As regards fiscal policies, substantial fiscal consolidation in recent years has contributed to reducing budgetary imbalances. Important structural reforms have increased competitiveness and the adjustment capacity of countries’ labour and product markets. However, significant challenges remain. To strengthen the foundations for sustainable growth and sound public finances, euro area countries should not unravel the progress made with fiscal consolidation, in line with the Stability and Growth Pact, and should proceed with structural reforms in the coming years. Fiscal consolidation should be designed in a growth-friendly manner, and structural reforms should focus on fostering private investment and job creation. A full and consistent implementation of the euro area’s existing fiscal and macroeconomic surveillance framework is key to bringing down high public debt ratios, to raising potential growth and to increasing the euro area’s resilience to shocks.
Finally, I wish to inform you that the Governing Council today announces that the frequency of our monetary policy meetings will change to a six-week cycle, from January 2015. The reserve maintenance periods will be extended to six weeks to match the new schedule. Moreover, we announce our commitment to publish regular accounts of the monetary policy meetings, which is intended to start with the January 2015 meeting. A press release providing more details will be published today at 3.30 p.m.
We are now at your disposal for questions.* * *
Question: You said earlier that you decided on some details for the TLTROs. Would you be so kind as to fill us in what these are? And my second question is concerning the forward guidance. You said a couple of weeks ago that interest rates would remain low for a longer period, and you referred to the extension of the full allotment until 2016, as well as to the four-year loans. What exactly do you mean? Thank you.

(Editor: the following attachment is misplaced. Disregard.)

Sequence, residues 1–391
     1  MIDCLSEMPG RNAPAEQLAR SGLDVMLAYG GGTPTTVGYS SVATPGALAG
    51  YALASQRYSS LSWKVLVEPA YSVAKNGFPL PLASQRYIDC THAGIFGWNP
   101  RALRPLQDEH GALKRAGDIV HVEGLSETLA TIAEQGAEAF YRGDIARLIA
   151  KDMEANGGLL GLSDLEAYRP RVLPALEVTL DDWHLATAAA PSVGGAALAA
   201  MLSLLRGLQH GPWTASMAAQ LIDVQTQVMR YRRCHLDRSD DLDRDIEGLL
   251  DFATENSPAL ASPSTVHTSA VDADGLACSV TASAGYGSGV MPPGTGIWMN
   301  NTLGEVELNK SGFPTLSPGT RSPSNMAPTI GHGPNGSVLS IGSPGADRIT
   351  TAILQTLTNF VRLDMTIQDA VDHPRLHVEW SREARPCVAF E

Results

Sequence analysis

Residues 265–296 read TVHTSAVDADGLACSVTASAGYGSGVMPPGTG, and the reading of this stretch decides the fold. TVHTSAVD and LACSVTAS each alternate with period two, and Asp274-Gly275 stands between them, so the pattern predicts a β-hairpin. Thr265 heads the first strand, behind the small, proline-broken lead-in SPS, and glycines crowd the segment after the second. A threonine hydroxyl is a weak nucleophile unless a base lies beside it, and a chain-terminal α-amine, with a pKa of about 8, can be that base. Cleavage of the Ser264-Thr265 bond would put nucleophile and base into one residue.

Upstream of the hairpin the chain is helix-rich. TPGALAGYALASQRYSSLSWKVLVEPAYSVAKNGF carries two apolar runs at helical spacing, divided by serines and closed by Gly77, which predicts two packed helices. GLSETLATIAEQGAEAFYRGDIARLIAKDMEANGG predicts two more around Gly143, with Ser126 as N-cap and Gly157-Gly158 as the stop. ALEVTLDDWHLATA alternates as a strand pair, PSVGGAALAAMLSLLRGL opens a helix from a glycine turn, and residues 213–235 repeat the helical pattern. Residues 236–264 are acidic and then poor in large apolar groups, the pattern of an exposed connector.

Draghi: Really, I don't think I ever made an explicit link between the extension of the fixed-rate full allotment or the four years' maturity for the lending and the period of time during which interest rates would remain at the present levels. I always said that the interest rates would remain at present levels for an extended period of time. The length of this period of time depends on our medium-term outlook for inflation. That's the only reference that we should keep in mind.
On the TLTRO, actually, first of all, we mentioned the figure last time of 7% of the loan book of banks amounting approximately to €400billion, and the overall take-up could reach a maximum of €1 trillion, so that is what's available for the banks. Then, it's going to be up to them to make use of this opportunity, which indeed from a financing viewpoint looks attractive.
Now, using our internal analysis, our internal models, we have asked the question whether this new measure, depending on its take-up, will have an impact on the inflation rate and the growth rate of the euro area. And the answer the models gave is that they do have an impact. It's going to be a significant impact, and it will certainly be very helpful. Of course, depending on the take-up, it will be very helpful in taking the inflation rate back to below but close to 2% over the horizon that we have discussed on other occasions.